Summary bachelor of science thesis the advanced program in biotechnology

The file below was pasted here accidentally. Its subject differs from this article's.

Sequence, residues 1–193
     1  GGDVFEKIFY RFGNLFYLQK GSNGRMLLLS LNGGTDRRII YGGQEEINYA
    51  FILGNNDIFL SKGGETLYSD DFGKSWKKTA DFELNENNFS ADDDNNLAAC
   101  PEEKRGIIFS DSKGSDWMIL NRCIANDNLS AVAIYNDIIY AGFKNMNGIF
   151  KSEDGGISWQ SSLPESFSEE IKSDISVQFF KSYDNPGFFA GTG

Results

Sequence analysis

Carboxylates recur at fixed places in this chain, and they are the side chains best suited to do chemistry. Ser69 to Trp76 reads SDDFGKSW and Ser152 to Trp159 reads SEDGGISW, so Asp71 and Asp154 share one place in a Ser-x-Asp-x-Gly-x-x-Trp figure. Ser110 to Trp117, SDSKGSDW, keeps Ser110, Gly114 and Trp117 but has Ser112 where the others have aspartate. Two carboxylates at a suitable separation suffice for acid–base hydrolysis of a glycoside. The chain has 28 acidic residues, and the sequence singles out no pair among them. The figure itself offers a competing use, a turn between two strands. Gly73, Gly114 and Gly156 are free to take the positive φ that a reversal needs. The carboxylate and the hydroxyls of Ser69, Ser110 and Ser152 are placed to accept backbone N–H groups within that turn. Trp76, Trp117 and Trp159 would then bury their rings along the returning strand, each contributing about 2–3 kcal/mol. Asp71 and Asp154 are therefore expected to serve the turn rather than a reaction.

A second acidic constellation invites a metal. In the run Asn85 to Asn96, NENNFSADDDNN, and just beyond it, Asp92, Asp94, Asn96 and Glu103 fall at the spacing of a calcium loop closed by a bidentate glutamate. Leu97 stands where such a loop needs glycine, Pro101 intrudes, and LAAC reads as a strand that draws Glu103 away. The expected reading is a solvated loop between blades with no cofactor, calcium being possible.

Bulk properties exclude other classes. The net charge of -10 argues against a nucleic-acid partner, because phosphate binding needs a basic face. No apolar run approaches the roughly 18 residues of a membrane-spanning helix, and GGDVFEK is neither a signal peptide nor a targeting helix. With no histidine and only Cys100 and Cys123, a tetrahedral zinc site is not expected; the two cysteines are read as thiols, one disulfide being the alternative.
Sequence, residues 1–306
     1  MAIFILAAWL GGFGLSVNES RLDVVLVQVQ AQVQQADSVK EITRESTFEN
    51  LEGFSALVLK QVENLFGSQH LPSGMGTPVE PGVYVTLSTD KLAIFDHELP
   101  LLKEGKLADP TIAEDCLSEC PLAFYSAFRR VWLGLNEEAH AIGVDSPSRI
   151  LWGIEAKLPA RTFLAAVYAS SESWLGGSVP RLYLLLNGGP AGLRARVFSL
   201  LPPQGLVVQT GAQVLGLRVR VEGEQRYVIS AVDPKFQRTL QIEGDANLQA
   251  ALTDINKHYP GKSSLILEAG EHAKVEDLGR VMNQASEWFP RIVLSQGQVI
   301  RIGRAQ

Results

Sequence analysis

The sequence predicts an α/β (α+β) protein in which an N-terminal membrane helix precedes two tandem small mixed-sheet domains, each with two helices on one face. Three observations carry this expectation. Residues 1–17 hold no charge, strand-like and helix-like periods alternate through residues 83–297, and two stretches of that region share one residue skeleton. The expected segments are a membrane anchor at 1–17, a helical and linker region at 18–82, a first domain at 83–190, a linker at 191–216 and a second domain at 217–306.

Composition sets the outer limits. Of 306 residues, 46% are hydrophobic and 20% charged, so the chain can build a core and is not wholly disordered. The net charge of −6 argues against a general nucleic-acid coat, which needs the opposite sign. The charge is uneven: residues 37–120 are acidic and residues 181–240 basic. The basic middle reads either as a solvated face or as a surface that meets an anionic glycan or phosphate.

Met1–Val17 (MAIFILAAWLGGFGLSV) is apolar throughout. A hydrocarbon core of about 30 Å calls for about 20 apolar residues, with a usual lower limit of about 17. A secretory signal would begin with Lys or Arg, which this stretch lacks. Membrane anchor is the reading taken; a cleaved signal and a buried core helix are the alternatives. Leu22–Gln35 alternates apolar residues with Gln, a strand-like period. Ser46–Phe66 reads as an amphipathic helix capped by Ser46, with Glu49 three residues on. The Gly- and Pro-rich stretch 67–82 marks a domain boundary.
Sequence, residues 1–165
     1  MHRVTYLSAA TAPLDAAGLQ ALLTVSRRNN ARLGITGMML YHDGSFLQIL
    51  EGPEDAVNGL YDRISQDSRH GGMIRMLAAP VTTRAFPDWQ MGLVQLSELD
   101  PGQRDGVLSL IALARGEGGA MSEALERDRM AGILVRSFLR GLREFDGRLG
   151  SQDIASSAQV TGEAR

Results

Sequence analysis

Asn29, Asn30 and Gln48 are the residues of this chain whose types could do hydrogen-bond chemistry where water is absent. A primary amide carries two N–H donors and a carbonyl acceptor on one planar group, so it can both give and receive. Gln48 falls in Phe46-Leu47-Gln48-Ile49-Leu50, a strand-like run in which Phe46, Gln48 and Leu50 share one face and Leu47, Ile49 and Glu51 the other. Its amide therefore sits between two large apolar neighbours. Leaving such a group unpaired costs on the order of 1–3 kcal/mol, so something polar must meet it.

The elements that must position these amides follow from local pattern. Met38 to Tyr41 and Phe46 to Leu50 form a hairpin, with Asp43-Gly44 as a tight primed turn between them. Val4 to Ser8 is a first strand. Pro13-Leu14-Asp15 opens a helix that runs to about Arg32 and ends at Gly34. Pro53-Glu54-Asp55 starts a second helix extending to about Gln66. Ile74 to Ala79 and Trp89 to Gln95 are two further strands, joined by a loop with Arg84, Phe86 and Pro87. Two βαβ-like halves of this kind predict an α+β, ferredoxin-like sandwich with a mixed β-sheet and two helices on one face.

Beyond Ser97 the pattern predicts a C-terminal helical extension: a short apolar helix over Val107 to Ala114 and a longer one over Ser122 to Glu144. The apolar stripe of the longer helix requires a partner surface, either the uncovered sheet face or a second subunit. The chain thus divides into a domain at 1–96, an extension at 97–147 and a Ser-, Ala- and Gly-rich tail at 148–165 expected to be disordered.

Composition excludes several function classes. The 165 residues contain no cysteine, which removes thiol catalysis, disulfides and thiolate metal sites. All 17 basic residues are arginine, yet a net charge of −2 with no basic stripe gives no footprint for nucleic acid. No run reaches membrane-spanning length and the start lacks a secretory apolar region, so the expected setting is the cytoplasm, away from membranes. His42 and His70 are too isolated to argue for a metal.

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MINISTRY OF EDUCATION & TRAINING CAN THO UNIVERSITY BIOTECHNOLOGY RESEARCH & DEVELOPMENT INSTITUTE SUMMARY BACHELOR OF SCIENCE THESIS THE ADVANCED PROGRAM IN BIOTECHNOLOGY STUDYING HISTAMINE IN SEAFOOD PRODUCTS BY HIGH PERFORMANCE LIQUID CHROMATOGRAPHY SIZE 14-15 SUPERVISORS STUDENT Msc. DO TAN KHANG LE ANH VU Student code: 3082568 Session: 34 (2008-2013) Can Tho, 2013 APPROVAL SUPERVISORS STUDENT Msc. DO TAN KHANG LE ANH VU Can Tho, May 6, 2013 PRESIDENT OF EXAMINATION COMMITTEE CONTENTS Contents Abstract 1. Introduction 2. Materials and methods 2.1 Materials 2.2 Methods 2.2.1. Optimization of histamine extracted solvent 2.2.2. Comparison of dansylation procedure and benzoylation procedure in histamine analysis in fish products. 2.2.3. Changes in histamine and microbial analyses in tuna muscle by time and temperature 2.2.4. Study the histamine content in some samples of seafood products 2.2.5. Statistical analysis 3. Results and dicussion 3.1 Optimization of histamine extracted solvent 3.2. Comparison of dansylation procedure and benzoylation procedure in histamine analysis in fish products. 3.3. Changes in histamine and microbial analyses in tuna muscle by time and temperature 3.4. Study the histamine content in some samples of seafood products 4. Conclusions and Suggestion 4.1 Conclusions 4.2 Suggestion References i i ii 1 3 3 3 3 6 6 7 8 9 9 11 15 21 25 25 25 26 ABSTRACT The study was undertaken to asses the effect of different solvents in histamine analysis in seafoods. The results showed that histamine in seafood samples was efficiently extracted with perchloric acid 0.6M and trichloroacetic acid 6%. Moreover, the commonly applied HPLC method to determine biogenic amines in seafoods after dansylation was compared with an alternative benzoylation procedure. Results showed a significant difference in analysis efficiency among these two procedures for histamine quantitation in tuna samples. The effects of storage time and temperature at 0, 4oC on the development of histamine and microbial in tuna were also studied. Tuna stored at 4oC results in higher histamine level than tuna stored at 0oC. Sample stored at 0oC contained potentially toxic histamine concentrations (49.1 mg/kg after 11 days of storage), whereas when stored at 4oC, the sample contained highly toxic histamine concentrations (161.29 mg/kg after 7 days of storage). An increase overtime of microbial population was observed in all samples tested. Bacteria counts increased from 4.54 log10 cfu/g to 5.88 log10 cfu/g in the samples stored at 0°C, while for the samples stored at 4°C, an increase was shown dramatically in counts from 4.54 log10 cfu/g to 8.88 log10 cfu/g. The histamine levels in some common seafoods were also reported. Keywords: HPLC, histamine, seafoods, extracted solvents, temperature storage. ii 1. INTRODUCTION Currently histamine poisoning is one of the most common threats to the health of consumers. Histamine poisoning occurs after consuming seafoods containing high level of either histamine or other biogenic amines. This foodborne intoxication was originally called “scombroid poisoning” because it was primarily associated with the consumption of fishes belonging to Scombridae and Scomberesocidae families such as tuna, mackerel, bonito, bluefish, and the like. These species contain high levels of free histidine in their muscle that is decarboxylased to histamine. When the conditions for the development of bacteria are favorable (for example when the fish are kept in improper temperatures), decarboxylase enzyme produced by the bacteria will metabolize histidine to histamine. Other biogenic amines produced during the development of bacteria may increase the toxicity of histamine. The toxicity of histamine depends on the ability of individuals to metabolize normal dietary intakes of histamine. In some places of the world, histamine poisoning accounted for the largest proportion of cases of poisoning associated with fish and fish products (FAO/WHO, 2012). In Vietnam, histamine poisoning often occurs and the fish usually associated with these cases are tuna and mackerel (Ministry of Fisheries, 2003). Normally, after catching, fish has very low levels of histamine, but this amount increases with the decomposition of fish. Thus, histamine has also been used as an indicator to assess the quality of the fish. US Food and Drug Administration (USFDA, 2012) has set this histamine level at 50 mg/kg, above 1 which it is considered a potential health hazard. Considering the importance of histamine in fish and fish products for legal, toxicological, and quality purposes, it is essential to have accurate analytical methods. Histamine in different foods, including fish and fish products, have traditionally been determined by means of standard chromatographic techniques such as thin layer chromatography, gas chromatography, capillary electrophoresis, flow injection analysis, and high performance liquid chromatography (HPLC). Histamine has a very important role in the food industry. In recent years, many studies appear to study on histamine due to large potential applications of this amine in the assessment of quality seafood and seafood products. In addition, high levels of histamine in seafood is also a health hazard for consumers.For these reason, the thesis "Studying histamine in seafood products by high performance liquid chromatography" has been carried out. Thesis objectives: - Selecting the appropriate solvent for extraction process and analysis procedure to determine histamine in seafoods by high performance liquid chromatography. - Studying the development of histamine in seafood over time and storage temperature. - Quantification of histamine content in some common seafoods. 2 2. MATERIALS AND METHODS 2.1 Materials - Seafood products were purchased in supermarkets in Can Tho City. - Reagents: Methanol, ethanol, perchloric acid (PCA), tricholoro acetic acid (TCA), NaOH, H3PO4, dansyl chloride, benzoyl chloride, HCl, histamine dihydrochloride, KH2PO4… 2.2. Methods 2.2.1. Optimization of histamine extracting process - Preparation of samples: Fresh tuna (Thunnus albacares) was preserved at 4oC for 1 week before analysis to make sure there was large amount of histamine in tuna samples. - Extraction of Histamine: • Extraction using 0.6M perchloric acid (PCA): Extraction was carried out following the method of Cseinati and Forgacs (1999). A 10 g sample was homogenized with 20 ml 0.6M PCA for 10 min. The homogenate was centrifuged at 7000 rpm for 10 min at 4°C, after which the supernatant was made up to 50 ml with 0.6M PCA, filtered and stored at 0°C until use. • Extraction using trichloroacetic acid 6%: Samples extraction were done according to the method of Yung-Hsiang et al. (2001). A 5 g sample was homogenized with 20 ml trichloroacetic acid (TCA) 6% for 10 min. The homogenates were centrifuged (10.000 g, 10 min, 4oC) and filtered. The filtrates were then placed in volumetric flasks, and TCA was added to a final volume of 20 ml and stored at 0°C until use. 3 • Extraction using methanol (99%): A modified method of Lin et al. (1976) was used for the process of methanol extraction. A 10g sample was homogenized with 50 ml methanol then transferred to a volumetric flask, after which it was immersed in a water bath at 60ºC for 15 min. The sample was cooled and then centrifuged at 7000 rpm for 10 min at 4oC. The supernatant was decanted, filtered and stored at 0°C until use. - Determination of Histamine:  Histamine determination by benzoylation procedure:  Derivation of extracted solutions using benzoyl chloride: The benzoyl derivatives of all samples were prepared according to a method of Hwang et al. (1997). One milliliter of 2M sodium hydroxide and 10 µl of benzoyl chloride were added sequentially to 2 ml of samples extracted solution.The resulting solution was vortex, mixed and allowed to stand at 70oC for 20 min. Benzoylation was stopped by cooling the test tubes in an ice bath for 30 min, and the mixed solution was extracted with 3ml of diethylether. After centrifugation at 3000 rpm, the supernatant was filtered through a 0.45 µm filter.  Separation of Histamine with HPLC: Histamine in test samples were determined with a Hitachi liquid chromatograph (Hitachi, Tokyo, Japan), consisting of a Model L-6200 pump, a Rheodyne Model 7125 syringe loading sample injector, a Model L-4000 UV-Vis detector (set at 254 nm), and a Model D-2500 Chromato-integrator. A Lichrospher 100RP-18 reversed-phase column (125x4.6 mm, E. Merck, Damstadt, Germany) was used for separation. The gradient elution program began with 50:50 (v/v) methanol:water at a flow rate of 0.8 ml/min for the first 0.5 4 min, followed by a linear increase to 85:15 methanol:water (0.8ml/min) during the next 6.5 min. The methanol:water mixture was held constant at 85:15 (0.8ml/min) for 5 min and then decreased to 50:50 (0.8ml/min) during the next 2 min.  Histamine determination by dansylation procedure:  Derivation of extracted solutions using dansyl chloride: Derivation was carried out following the method of Earola et al. (1993). A 1ml sample extract was made alkaline by adding 200 µl of 2N NaOH. A 300 µl saturated sodium bicarbonate and 2 ml Dns-Cl was added to the alkaline extract. The reaction mixture was transferred to a 40°C incubator for 45 min. Residual Dns-Cl was removed by adding 100 µl ammonia. After centrifugation for 30 min at 2500 rpm, the supernatant was filtered through a 0.45 µm filter.  Separation of Histamine with HPLC: Histamine in test samples were determined with a Shimadzu Prominence HPLC apparatus (Shimadzu, Kyoto, Japan) equipped with a SPD-M20A diode array detector (set at 254 nm) and two binary gradient pumps (Shimadzu LC-10AT), auto sampler (SIL 20AC), column oven (CTO-20AC), and a communication bus module (CBM20A) with valve unit FCV-11AL was used. The column was a reverse-phase, Spherisorb 5 Si C18 pH-St, 250x4.6 mm (Phenomenex, Macclesfield, Cheshire, UK). The mobile phase was 95:5 (v/v) acetonitrile : water, delivered at a flow rate of 1.0 ml/min. - Indicator for Assessment: Histamine concentration (mg/kg). 5 2.2.2. Comparison of dansylation procedure and benzoylation procedure in histamine analysis in fish products - Preparation of samples: Fresh tuna (Thunnus albacares) was preserved at 4oC and taken at the appropriate times (zero, 1, 2, 3, 4 and 7 days during storage procedure) to make sure there was a wide range of amount of histamine in tuna samples. - Extraction of Histamine: Histamine in fish samples was extracted by using optimum solvent derived from previous experiment (2.2.1). - Determination of Histamine: Histamine was determined by using benzoylation and dansylation procedure – as described in 2.2.1. - Indicator for Assessment: Histamine concentration (mg/kg). 2.2.3. Changes in histamine and microbial analyses in tuna muscle by time and temperature - Preparation of samples: Fresh tuna (Thunnus albacares) was preserved at 4oC and 0°C. Samples were taken at the appropriate times (Table 2) and stored at -20°C to minimise bacterial activity that could influence the results prior to analysis. For all samples, the histamine and microbiological analysis were assayed collectively to optimise efficiency and to limit possible day-today variability of analyses. Table 2: Sample taken times of tuna stored at 4oC and 0oC. Temperature Sample Taken Times st 4oC Zero 1 2nd 3rd 4th 7th day day day day day nd 0oC Zero th th 2 4 7 day day day 6 th 9 11th day day - Determination of Histamine: Histamine was determined by using optimum histamine analysis procedure, which derived in experiment 2.2.2. - Indicator for Assessment: Histamine concentration (mg/kg). - Microbial Analysis: The total viable count (TVC) test was done according to the method of Guinn et al., (1999). - Indicator for Assessment: Microbial population (log10 cfu/g). 2.2.4 Study the histamine content in some samples of seafood products - Preparation of Samples: Seven seafood samples were purchased from local supermarkets in Can Tho City, descriptions of each sample are given in Table 3. Table 3: Description of seafood samples. Samples Fresh tuna Producer/Provider Expired day Co.op Mart supermarket Fresh amberjack Metro supermarket Fresh mackerel Metro supermarket Canned mackerel Co.op Mart supermarket 11/2014 Canned tuna Co.op Mart supermarket 8/2015 Dried scomber Vinatext supermarker 9/2013 Dried shirmp Vinatext supermarker 11/2013 - Determination of Histamine: Histamine was determined by using optimum histamine analysis procedure, which derived in experiment 2.2.2. - Indicator for Assessment: Histamine concentration (mg/kg). 7 2.2.5. Statistical analysis methods The experiment was conducted in triplicates. The results were reported as mean values ± standard deviation. The ANOVA test was used for data analysis. The differences between the mean values were considered significant when p<0.05. All data were analysed using Statgraphic Centurion XV statistical package for windows (Statgraphics Centurion XV, Manugistics, Rockville, USA, 2009). 8 Inc., 3. RESULTS AND DISCUSSIONS 3.1 Optimization of histamine extracting process Complete and selective extraction of target analytes from complex food samples is of great importance in food analysis. Solid samples are most frequently extracted with acidic solvents which also act as deproteinisation agent during the liquid solid extraction. Because of the high content of fat in fish samples, extraction solvents that can remove fat or protein are frequently selected for achieving high extraction efficiency. In this study, perchloric acid (0.6M), trichloroacetic acid (6%, m/v), methanol (99%) was tested as extraction solvents for the samples. Results revealed that histamine concentrations of different levels were obtained after the extraction of samples with different solvents (Figure 4). 9 Figure 4: Mean of histamine concentrations in tuna samples extracted by using Met - methanol; PCA - perchloric acid (0.6M) and TCA - trichloroacetic acid (6%). As shown, the highest histamine concentration was from 0.6M perchloric acid for samples analysed by dansylation procedure. The samples extracted by trichloroacetic acid 6% and analysed by benzoylation procedure resulted in higher yield of histamine concentrations as compared to the samples extracted in all the extract medium. These results coincide with those of BenGriggrey et al. (2001), who suggested perchloric acid and trichloroacetic acid are more effective than methanol, acetonitrile and acetone in extracting histamine in fish products. RuizCapillas and Moral (2001) also reported that PCA and TCA are 10 highly efective biogenic amine extractors for fish and fish products because of their efect on protein precipitation. Since most of the biogenic amines present in fish are in bound form, the histamine concentration was low when extracted by methanol (Shalaby et al., 1996). In this study, histamine concentrations obtained in the tuna fish was quite high in the acid fraction, suggesting that histamine in fish are acid solube. Because perchloric acid and trichloroacetic acid provided good peak shape and effective separation, it was selected as the optimized extraction solutions in the following experiments. The suitable acid for extraction of histamine from fish samples and analysed by dansylation procedure was 0.6M perchloric acid, while trichloroacetic acid 6% was suitable acid for extraction histamine from fish samples analysed by benzoylation. 3.2. Comparison of dansylation procedure and benzoylation procedure in histamine analysis in fish products Amongst the available analytical techniques, HPLC is by far the most frequently used to separate and quantify histamine. Since histamine present in the food samples neither show an adequate absorption, nor exhibit significant fluorescence, derivatisation has to be performed in order to increase the sensitivity needed for a subsequent UV, VIS or fluorescence detection (Onal, 2007). In this work the amines were determined by HPLC using two procedures – dansylation procedure and benzoylation procedure – based on pre-column derivatisation. In both methods, the reversed-phase column was used. Typical chromatograms of dansyl chloride and benzoyl chloride derivatives of the standard and of the extract of sample are shown in Figure 5. As shown, 11 histamine are well separated in the nearly 3 min runtime for benzoyl procedure, where as this seperation time was 5 min for dansyl procedure. The peaks of histamine were satisfactorily resolved with good peak resolution, sharpness, and symmetry, and are consistent with previous report (Hwang et al., 1997). However, the histamine levels determined on six test samples revealed the significant difference in analysis efficency between two procedures (Figure 6). In general the histamine values analysed by benzoylation procedure were higher than the histamine levels determined by dansylation procedure (5 of 6 test samples). The histamine values determined by benzoylation procedure that had lower histamine values from dansylation procedure was 52.51 (mg/kg) on the third test. The dansylation procedure result was 52.96 (mg/kg) for this test. However, this difference was not statistically significant. 12 Figure 5: Typical chromatograms of the histamine standard and samples. (A), (C) Histamine standard (1 µg/ml); (B), (D) tuna sample at day 7 of storage time. (A) and (B): chromatography derived by benzoylation procedure; (C) and (D): chromatography derived by dansylation procedure. Figure 6: Mean of histamine concentrations in tuna samples determined by dansylation procedure and benzoylation procedure. 13 The results of the experiment clearly represented that benzoyl procedure was more accurate than dansylation procedure in histamine quantitation in fish. This is related to the fact that benzoyl chloride forms stable compounds after reaction with both primary and secondary amino groups and the products are more stable than those formed using dansyl chloride. Moreover, the long derivatisation time is also an evident drawback of dansylation procedure, as it contributed to decrease the stable of flouresence compounds. Beside of that, ammonia has to be used after the derivatisation in order to remove an excess of the dansyl reagent. Without this step, the by-products such as dansylamide (Dns-NH2), dansyl sulphonic acid (Dns-OH) and dansyl hydrazine (Dns-N2H3) most likely appear in the chromatogram (De Mey et al., 2011) and the excess of dansyl chloride may coelute with histamine. Unfortunately, an addition of 100 µl concentrated ammonia and incubation for 30 min at room temperature, as suggested by Earola et al. (1993), could not totally remove the excess of dansyl chloride. As a result, low amounts of the by-products can still be detected in the chromatogram and the peak of histamine does not remain unaffected. In contrast to the dansylation procedure, benzoylation is less frequently used for the determination of biogenic amines in fish and fish products. However, fast benzoylation gives an opportunity to reduce the analysis time. From the literature it comes out that the benzoyl derivatisation used to be performed at the temperatures ranging from room temperature to 70oC. At the room temperature, the derivatisation needs an overnight 14 incubation, while at the increased temperatures the incubation time can range between 15 (Krause et al., 1995) and 30 min only (Chen et al., 2003). In most cases, an incubation period of 20 min at 70oC was recommended (Romero et al., 2000). In that way, the highest available yields of the studied analytes were obtained and as the excess peak of the benzoyl reagent was separated from the analytes, no problems were encountered with quantification thereof. In contrast to dansylation (which shows severe decomposition of dansylated amines at the temperatures higher than 65oC), have mentioned that at higher temperatures the peak ascribed to the excess of benzoyl reagent decreased, without the loss of the peak areas of the analytes. Another advantage of using benzoyl chloride is the simple way to stop the derivatisation reaction. While an addition of irritating ammonia is necessary to remove an excess of dansyl chloride, an easy cooling step, for example, an ice bath for 30 min, is sufficient to stop the benzoylation reaction. Since benzoylation procedure provided better results as well as faster and easier to conduct than dansylation procedure, it was selected as the main procedure in the following experiments. 3.3. Changes in histamine and microbial analyses in tuna muscle by time and temperature The amount of histamine produced by the fish is strongly influenced by temperature, time, storage conditions and fish spieces (Lehane and Olley, 1999). This experiment was designed to investigate the changes of histamine and microbial population in tuna in two different storage temperature (0oC and 4oC). 15 - Effect of storage time and temperature on histamine level The average of histamine concentrations of tuna during the time – temperature storage procedure are presented in Figures 7 – 8. As shown, in tuna samples stored at 4oC, the increases of histamine varied from as low as 36.93 mg/kg to as high as more than 161.29 mg/kg. The histamine concentrations showed significant difference (p<0.05) in relation to the storage time. A significant increase in the histamine value is shown until 7th day which was above FDA standard on the 3rd day (>50 mg/kg). In tuna samples stored at 0oC, the results revealed a steady in histamine levels during storage procedure, although it was not as dramatic as at 4oC. The obtained results also showed a significant difference (p<0.05) between the mean concentration of histamine during the storage procedure, except for histamine concentration on the 11th day. However, histamine does not exceed the safe limits (50 mg/kg) at the end of the life of the experiment. 16